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Prognostic value of neutrophil to lymphocyte ratio in advanced oesophago-gastric cancer: exploratory analysis of the REAL-2 trial

Grenader T, Waddell T, Peckitt C, Oates J, Starling N, Cunningham D, Bridgewater J.

Ann Oncol. 2016 Jan 19 [Epub ahead of print]

Abstract
 

BACKGROUND:

The REAL-2 trial demonstrated that capecitabine and oxaliplatin were effective alternatives to fluorouracil and cisplatin respectively when used in triplet chemotherapy regimens for previously untreated oesophago-gastric cancer. The aim of the current analysis was to evaluate the prognostic value of neutrophil to lymphocyte ratio (NLR) in the REAL-2 cohort.

MATERIAL AND METHODS:

A post-hoc exploratory analysis was performed on REAL-2 patients with available absolute neutrophil count and absolute lymphocyte count. A high NLR, defined using a cut-off value of >3.0. NLR, was then correlated with clinical outcomes including overall survival (OS), progression-free survival (PFS) and objective response rate (ORR). Survival curves were generated using the Kaplan-Meier method and comparison between groups was performed using cox regression.

RESULTS:

Data were available in 908 of the 1002 REAL-2 participants. Of these, 516 (56.8%) were deemed to have a high NLR. In univariate analysis, high NLR was associated with a hazard ratio for OS of 1.73 (1.50 - 2.00), p<0.001, compared to low NLR, equating to median OS values of 9.1 (95% CI 8.0 to 9.6) and 12.7 months (95% CI 10.8 to 14.4) respectively. NLR remained highly significant for OS (p<0.001) in a multi-variate model including PS, age, disease extent, presence of liver metastases, and presence of peritoneal metastases.For PFS, high NLR was associated with a hazard ratio of 1.63 (1.41 - 1.87), p<0.001, compared to low NLR in univariate analysis. No significant interaction was found between NLR status and treatment arm. 13% of all patients with low NLR achieving survival beyond 24 months compared to only 6% of patients with high NLR (p<0.001).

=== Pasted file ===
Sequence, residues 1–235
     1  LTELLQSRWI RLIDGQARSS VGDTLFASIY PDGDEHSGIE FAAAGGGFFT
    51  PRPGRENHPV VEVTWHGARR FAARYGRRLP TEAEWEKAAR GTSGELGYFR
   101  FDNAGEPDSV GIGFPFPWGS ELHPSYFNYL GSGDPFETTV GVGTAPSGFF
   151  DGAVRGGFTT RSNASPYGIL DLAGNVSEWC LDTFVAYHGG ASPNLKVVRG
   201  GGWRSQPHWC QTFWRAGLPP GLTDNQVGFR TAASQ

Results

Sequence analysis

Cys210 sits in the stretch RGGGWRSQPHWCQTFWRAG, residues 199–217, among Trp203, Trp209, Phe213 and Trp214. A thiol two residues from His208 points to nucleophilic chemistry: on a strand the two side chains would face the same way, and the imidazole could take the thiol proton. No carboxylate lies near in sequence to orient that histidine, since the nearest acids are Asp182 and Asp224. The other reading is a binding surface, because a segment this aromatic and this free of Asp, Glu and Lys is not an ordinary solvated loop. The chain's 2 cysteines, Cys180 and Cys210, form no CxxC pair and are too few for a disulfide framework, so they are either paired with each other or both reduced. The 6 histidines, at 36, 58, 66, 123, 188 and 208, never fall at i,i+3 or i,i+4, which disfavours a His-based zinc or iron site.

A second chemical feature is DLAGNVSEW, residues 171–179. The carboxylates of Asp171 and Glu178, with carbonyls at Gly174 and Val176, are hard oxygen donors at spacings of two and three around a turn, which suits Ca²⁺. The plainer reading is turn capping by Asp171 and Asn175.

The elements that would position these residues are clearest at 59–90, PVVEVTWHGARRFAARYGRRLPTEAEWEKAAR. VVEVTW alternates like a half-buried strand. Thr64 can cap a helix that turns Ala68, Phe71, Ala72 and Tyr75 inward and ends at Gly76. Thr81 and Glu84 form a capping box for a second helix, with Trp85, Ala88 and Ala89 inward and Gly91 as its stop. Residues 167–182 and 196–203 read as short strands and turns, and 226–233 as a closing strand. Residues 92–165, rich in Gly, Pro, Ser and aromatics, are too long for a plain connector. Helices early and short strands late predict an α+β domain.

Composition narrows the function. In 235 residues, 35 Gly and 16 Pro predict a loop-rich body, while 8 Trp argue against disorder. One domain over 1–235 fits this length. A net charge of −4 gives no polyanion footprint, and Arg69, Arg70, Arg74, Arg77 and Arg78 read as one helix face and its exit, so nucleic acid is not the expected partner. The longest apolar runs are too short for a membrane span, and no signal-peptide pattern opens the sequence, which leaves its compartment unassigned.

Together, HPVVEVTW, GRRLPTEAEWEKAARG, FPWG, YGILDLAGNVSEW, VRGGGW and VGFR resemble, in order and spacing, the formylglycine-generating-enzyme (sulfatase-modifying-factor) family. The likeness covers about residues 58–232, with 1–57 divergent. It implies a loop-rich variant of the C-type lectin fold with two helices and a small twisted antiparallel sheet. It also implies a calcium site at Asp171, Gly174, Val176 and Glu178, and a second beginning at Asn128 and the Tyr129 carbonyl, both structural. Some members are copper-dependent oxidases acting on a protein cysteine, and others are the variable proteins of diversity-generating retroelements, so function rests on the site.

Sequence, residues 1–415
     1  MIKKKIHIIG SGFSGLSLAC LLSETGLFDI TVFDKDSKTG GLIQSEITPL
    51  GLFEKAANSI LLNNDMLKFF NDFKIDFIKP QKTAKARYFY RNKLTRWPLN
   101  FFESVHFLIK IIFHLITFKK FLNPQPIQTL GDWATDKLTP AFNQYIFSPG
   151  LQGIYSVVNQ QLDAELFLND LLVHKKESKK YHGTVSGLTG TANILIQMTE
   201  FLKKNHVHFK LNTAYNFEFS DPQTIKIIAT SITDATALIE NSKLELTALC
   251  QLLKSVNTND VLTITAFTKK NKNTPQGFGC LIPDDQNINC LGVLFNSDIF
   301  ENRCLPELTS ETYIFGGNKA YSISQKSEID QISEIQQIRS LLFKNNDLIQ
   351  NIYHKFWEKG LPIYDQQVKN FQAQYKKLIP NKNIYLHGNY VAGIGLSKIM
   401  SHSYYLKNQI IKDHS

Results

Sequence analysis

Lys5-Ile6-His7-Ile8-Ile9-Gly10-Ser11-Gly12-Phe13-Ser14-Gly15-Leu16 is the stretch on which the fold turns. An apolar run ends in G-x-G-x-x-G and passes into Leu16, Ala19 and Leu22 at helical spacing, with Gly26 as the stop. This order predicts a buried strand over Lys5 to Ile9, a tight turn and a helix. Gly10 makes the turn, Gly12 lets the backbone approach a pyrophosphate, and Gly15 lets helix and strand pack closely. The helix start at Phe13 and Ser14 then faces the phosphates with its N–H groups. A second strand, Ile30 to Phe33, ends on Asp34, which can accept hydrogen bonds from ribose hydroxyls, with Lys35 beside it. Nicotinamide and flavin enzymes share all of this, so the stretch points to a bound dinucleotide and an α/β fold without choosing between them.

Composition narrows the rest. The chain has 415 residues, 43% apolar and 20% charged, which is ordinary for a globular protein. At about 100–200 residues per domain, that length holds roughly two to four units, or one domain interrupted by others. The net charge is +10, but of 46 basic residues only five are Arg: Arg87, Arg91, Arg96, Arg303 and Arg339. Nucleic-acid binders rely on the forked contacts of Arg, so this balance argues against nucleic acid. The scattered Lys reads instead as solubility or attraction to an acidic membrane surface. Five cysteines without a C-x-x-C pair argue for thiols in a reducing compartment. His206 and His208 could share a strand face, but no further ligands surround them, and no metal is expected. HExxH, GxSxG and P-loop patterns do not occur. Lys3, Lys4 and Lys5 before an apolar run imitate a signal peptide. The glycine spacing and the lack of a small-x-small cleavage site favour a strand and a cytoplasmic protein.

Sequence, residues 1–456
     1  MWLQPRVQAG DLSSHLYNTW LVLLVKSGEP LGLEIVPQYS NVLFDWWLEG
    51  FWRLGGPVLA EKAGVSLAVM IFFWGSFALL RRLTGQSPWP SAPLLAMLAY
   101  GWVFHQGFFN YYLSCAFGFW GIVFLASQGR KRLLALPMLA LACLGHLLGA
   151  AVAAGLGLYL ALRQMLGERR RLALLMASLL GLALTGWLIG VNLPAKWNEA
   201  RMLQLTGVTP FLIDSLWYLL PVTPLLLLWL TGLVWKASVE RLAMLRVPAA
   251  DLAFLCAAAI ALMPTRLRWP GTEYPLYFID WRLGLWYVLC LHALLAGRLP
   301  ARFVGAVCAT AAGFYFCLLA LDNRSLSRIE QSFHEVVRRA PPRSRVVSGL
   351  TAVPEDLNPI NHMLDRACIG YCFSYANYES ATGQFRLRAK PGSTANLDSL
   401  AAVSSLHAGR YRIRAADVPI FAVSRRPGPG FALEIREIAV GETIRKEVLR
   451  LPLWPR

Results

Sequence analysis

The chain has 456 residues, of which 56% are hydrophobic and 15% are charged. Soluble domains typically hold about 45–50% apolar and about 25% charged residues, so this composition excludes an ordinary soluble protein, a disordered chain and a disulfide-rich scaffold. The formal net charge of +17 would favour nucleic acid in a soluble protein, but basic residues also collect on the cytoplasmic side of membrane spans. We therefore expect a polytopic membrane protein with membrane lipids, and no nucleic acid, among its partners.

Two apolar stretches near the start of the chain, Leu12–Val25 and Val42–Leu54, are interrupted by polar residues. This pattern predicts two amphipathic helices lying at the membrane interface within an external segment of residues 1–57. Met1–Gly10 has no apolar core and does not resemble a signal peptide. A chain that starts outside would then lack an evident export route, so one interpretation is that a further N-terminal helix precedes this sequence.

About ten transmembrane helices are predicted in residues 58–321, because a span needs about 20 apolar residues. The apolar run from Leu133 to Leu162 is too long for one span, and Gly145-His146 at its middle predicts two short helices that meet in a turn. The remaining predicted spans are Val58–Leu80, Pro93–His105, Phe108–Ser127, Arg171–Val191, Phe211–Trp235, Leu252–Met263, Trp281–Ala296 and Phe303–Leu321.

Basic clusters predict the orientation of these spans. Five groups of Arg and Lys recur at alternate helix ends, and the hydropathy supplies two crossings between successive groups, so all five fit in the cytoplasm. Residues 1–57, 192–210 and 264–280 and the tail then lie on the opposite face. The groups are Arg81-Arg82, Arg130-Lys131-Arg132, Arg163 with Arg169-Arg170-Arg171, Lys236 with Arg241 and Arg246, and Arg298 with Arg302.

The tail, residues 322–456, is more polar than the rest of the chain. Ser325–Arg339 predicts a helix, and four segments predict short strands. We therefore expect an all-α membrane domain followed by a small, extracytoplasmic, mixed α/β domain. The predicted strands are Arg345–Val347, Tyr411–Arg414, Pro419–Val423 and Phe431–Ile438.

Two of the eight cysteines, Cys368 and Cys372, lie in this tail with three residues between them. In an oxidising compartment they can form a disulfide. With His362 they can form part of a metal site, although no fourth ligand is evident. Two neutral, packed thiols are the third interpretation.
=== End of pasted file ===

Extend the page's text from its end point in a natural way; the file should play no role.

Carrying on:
CONCLUSION:

Our results confirm that high NLR status had a significant negative prognostic effect in the REAL-2 trial population. Based on the multi-variate analysis, this effect was independent of other known prognostic factors.

©PubMed Central


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